There is often discussion that California could more efficiently use its existing water supply through water-saving practices, water reuse, and capture of lost storm water. Indeed, these methods of water conservation, reuse, and reduction are being developed and implemented by water districts throughout the state as part of broader statewide water management actions. The current drought draws attention to the need to advance these water efficiency efforts. Read the BDCP Blog on Integrated Water Management Part 1 and Part 2 to learn more about what California is doing to diversify the water supply.
No quick or singular fix will satisfy future water demand and it is crucial that we all look for ways to reduce and conserve our water use. Water conservation and efficiency efforts cannot offset entirely the loss of reliability associated with Delta water supplies. Consider that the economic benefit of water supply reliability from the BDCP is estimated at up to $16.6 billion, as analyzed in the Draft BDCP Chapter 9. Roughly eight percent of California’s water supply, on average, is pumped from the Delta. To replace existing Delta water supplies with conservation or water use efficiency projects alone would cost significantly more (up to $8,200 per acre-foot of water) than an investment in reliability through the BDCP. Some regions depend more heavily than others on federal and state water project deliveries. The BDCP does not guarantee more or less water will be pumped from the Delta – but ensures reliable supplies comparable to the 20-year historical average.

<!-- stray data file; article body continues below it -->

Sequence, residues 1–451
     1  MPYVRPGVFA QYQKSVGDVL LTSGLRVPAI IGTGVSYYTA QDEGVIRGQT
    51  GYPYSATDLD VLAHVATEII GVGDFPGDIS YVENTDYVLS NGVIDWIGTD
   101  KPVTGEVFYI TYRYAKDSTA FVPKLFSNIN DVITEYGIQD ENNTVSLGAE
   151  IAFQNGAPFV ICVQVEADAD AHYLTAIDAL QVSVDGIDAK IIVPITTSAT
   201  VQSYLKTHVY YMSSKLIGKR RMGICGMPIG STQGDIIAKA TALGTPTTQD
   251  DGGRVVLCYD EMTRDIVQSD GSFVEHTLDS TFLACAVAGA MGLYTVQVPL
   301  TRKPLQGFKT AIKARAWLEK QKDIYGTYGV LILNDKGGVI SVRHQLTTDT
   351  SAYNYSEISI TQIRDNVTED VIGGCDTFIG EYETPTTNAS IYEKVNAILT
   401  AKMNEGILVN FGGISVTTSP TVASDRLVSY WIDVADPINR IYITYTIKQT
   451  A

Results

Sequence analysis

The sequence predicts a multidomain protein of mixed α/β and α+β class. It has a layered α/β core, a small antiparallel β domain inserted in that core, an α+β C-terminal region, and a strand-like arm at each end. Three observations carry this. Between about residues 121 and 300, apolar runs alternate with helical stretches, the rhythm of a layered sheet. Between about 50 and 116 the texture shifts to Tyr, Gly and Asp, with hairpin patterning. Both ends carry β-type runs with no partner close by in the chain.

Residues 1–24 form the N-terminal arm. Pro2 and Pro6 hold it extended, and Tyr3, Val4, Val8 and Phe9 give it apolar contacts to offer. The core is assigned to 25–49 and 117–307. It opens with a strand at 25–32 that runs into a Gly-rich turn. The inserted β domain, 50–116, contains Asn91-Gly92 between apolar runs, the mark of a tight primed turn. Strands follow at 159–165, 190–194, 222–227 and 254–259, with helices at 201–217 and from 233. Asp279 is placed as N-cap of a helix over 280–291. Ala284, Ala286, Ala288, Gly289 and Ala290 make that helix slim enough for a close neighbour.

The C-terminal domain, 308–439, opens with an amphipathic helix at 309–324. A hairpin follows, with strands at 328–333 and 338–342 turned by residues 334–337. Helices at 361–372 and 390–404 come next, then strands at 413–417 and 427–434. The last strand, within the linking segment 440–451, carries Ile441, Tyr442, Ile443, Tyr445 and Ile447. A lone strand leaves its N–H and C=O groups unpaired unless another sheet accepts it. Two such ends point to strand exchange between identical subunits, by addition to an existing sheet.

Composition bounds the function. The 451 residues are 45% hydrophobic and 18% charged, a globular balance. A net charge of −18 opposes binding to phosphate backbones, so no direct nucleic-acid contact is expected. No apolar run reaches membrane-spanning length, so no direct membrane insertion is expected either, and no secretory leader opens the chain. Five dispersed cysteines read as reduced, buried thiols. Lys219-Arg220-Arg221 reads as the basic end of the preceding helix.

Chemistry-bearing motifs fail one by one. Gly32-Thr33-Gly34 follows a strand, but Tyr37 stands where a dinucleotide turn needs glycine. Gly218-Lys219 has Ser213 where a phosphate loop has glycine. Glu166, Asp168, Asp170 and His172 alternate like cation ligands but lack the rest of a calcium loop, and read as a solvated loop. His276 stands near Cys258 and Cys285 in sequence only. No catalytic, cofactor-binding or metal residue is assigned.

Without the BDCP, the water gained through conservation and recycling would go toward replacing unreliable Delta water supplies – and not toward growing our water supplies for future needs based on climate change and population growth. Delta water supplies help support 25 million people and more than 3 million acres of farmland.